In 1926, the British Air Ministry put forth a specification for a radial-piston engine fighter design that could operate in daytime and nighttime with armed with twin Vickers-type machine guns and capable of engaging the top enemy bombers of the day. Bristol responded with the Bulldog I (Mk.I or Mark I) which was used as a developmental model to ultimately become the Bulldog II. The type would become one of Britain's most recognized aircraft creations in the years between both world wars serving with the host nation for some seven years as a frontline fighter. Some 443 examples were produced. The aircraft would serve in the Royal Air Force, Spanish Air Force, Finnish Air Force and the Royal Australian Air Force among others.
In configuration, the Bulldog II sported an all-metal fuselage with a fabric skin covering. The wings were arranged in a typical biplane fashion, equal spanning units with single bays and a single pair of parallel support struts. Power was supplied through the Bristol Jupiter VII series radial piston engine of 440 horsepower. Armament consisted of 2 x 7.7mm Vickers machine guns synchronized to fire through the spinning propeller via an interrupter gear. The undercarriage was fixed with a tail skid and both were designed with grass strip runways in mind. The pilot sat behind and underneath the upper wing assembly in an open air cockpit. The pilot was provided an oxygen supply for operations in high altitudes and even a short-wave two-way radio for communications. In many ways, these two additions were a glimpse into the future of military aviation and were noted collectively as quite the innovation. Optional armament included were 4 x 20lb bombs held under the wings.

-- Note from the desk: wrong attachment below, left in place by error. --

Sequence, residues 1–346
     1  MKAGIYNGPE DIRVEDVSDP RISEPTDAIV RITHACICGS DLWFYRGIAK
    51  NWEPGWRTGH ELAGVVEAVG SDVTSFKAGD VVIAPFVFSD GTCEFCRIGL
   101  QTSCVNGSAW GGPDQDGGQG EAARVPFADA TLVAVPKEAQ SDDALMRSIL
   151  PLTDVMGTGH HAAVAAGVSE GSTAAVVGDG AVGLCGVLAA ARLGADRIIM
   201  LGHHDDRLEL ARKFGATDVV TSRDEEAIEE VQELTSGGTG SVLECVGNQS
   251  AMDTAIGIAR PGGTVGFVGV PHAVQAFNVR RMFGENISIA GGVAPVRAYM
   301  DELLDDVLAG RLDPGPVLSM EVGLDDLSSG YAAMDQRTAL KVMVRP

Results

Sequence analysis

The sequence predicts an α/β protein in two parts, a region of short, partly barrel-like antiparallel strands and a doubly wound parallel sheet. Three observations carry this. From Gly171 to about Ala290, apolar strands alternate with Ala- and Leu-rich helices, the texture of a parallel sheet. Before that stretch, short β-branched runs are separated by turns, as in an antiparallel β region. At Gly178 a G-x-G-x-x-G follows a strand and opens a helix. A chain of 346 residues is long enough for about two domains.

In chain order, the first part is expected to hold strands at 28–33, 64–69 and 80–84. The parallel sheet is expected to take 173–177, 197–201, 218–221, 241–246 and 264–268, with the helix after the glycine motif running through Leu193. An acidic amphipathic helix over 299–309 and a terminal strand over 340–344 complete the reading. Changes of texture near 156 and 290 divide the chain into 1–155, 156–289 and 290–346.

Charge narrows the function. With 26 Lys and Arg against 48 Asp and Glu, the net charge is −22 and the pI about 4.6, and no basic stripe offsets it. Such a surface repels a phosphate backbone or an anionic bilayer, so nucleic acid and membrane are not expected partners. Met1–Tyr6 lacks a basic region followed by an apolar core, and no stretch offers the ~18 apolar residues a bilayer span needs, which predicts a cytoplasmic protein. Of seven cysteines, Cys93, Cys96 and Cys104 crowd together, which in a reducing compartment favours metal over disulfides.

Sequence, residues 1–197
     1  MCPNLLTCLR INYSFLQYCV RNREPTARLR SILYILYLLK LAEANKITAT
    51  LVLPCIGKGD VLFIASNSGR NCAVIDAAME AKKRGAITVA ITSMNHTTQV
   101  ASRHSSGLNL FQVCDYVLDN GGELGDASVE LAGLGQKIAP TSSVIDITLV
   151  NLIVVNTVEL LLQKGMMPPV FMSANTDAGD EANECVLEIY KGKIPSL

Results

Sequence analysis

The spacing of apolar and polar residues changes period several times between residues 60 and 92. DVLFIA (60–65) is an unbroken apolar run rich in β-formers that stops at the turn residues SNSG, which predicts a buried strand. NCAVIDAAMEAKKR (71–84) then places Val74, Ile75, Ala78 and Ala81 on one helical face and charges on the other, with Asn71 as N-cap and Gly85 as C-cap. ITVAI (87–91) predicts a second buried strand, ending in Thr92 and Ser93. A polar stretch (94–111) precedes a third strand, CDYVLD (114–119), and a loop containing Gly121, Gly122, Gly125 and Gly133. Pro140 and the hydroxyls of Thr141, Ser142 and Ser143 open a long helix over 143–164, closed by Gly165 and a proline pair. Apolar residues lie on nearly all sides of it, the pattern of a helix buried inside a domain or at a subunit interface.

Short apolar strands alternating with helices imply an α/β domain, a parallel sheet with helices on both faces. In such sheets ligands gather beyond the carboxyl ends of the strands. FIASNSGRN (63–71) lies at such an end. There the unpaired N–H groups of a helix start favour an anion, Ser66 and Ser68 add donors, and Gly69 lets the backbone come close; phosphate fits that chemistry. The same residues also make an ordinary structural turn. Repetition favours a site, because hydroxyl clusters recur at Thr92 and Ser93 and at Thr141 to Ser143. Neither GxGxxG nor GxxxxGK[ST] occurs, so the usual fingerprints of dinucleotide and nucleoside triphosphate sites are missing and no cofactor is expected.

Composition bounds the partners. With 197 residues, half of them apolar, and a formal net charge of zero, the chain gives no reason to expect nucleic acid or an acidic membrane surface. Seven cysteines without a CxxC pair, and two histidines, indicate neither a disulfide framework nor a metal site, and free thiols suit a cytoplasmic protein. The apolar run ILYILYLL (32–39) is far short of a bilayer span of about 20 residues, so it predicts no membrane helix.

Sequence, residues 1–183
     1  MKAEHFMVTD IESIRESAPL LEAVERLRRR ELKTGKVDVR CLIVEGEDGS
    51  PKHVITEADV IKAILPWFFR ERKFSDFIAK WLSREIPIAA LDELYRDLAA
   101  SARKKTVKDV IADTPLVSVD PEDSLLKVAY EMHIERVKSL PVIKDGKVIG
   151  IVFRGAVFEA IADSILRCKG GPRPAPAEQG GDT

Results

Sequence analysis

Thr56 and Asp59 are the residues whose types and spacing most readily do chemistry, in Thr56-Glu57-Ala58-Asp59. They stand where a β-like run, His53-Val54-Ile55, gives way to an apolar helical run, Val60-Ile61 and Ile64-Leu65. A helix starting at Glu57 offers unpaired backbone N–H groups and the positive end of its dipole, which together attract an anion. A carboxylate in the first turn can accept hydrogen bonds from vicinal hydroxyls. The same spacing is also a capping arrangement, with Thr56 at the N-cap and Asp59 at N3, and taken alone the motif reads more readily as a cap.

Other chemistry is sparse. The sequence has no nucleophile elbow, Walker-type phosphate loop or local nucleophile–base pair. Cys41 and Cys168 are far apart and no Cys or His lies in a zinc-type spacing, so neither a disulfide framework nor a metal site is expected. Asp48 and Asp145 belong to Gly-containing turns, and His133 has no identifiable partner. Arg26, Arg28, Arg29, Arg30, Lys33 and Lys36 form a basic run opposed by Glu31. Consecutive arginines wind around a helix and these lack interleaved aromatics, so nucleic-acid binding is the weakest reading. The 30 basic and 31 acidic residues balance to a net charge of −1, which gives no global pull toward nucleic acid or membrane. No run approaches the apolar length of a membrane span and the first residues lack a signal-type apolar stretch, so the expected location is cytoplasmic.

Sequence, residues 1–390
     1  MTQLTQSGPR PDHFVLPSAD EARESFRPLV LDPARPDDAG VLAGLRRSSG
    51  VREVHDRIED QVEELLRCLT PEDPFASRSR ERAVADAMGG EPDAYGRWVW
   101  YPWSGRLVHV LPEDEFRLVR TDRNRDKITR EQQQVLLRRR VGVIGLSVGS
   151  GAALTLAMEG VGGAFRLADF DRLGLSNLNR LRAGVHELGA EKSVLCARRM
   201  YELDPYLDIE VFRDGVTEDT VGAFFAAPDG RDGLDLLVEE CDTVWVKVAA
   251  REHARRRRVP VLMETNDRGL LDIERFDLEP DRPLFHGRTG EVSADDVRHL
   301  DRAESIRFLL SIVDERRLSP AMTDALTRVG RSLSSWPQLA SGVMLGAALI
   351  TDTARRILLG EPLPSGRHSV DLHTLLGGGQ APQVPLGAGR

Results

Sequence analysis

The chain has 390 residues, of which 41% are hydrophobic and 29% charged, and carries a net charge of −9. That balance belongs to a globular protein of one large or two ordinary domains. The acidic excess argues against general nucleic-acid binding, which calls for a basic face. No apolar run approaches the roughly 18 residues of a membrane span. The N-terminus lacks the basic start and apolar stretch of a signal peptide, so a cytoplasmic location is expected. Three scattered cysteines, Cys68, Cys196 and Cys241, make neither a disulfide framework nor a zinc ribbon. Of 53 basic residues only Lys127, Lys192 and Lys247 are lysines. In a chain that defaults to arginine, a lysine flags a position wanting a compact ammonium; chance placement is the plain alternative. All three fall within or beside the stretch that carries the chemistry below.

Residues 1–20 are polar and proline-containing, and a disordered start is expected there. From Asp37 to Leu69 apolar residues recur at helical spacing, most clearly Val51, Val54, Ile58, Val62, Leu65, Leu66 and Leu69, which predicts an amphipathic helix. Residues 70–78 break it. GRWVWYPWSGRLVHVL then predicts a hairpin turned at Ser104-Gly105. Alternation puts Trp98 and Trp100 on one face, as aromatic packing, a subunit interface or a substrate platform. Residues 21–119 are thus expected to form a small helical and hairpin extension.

The Bulldog II entered service in June of 1929 and effectively replaced the aging Gloster Gamecock and Armstrong Whitworth Siskin fighters then in frontline use. Bulldog II's would never see combat under the British banner but foreign users of the type fared well, particularly Finnish pilots using Bulldogs against their Soviet invaders in World War 2. Other foreign operators included Estonia, Siam (Thailand) and Denmark.
The Bristol Bulldog was inevitably replaced in RAF service by the Gloster Gauntlet. Designed of the Bulldog was headed up by Frank Barnwell, chief designer at Bristol. Other variants existed but were produced in limited numbers, the most notable among them were the two seat Bulldog TM trainer. Nakajima of Japan produced two examples of the Bulldog as the J.S.S.F.
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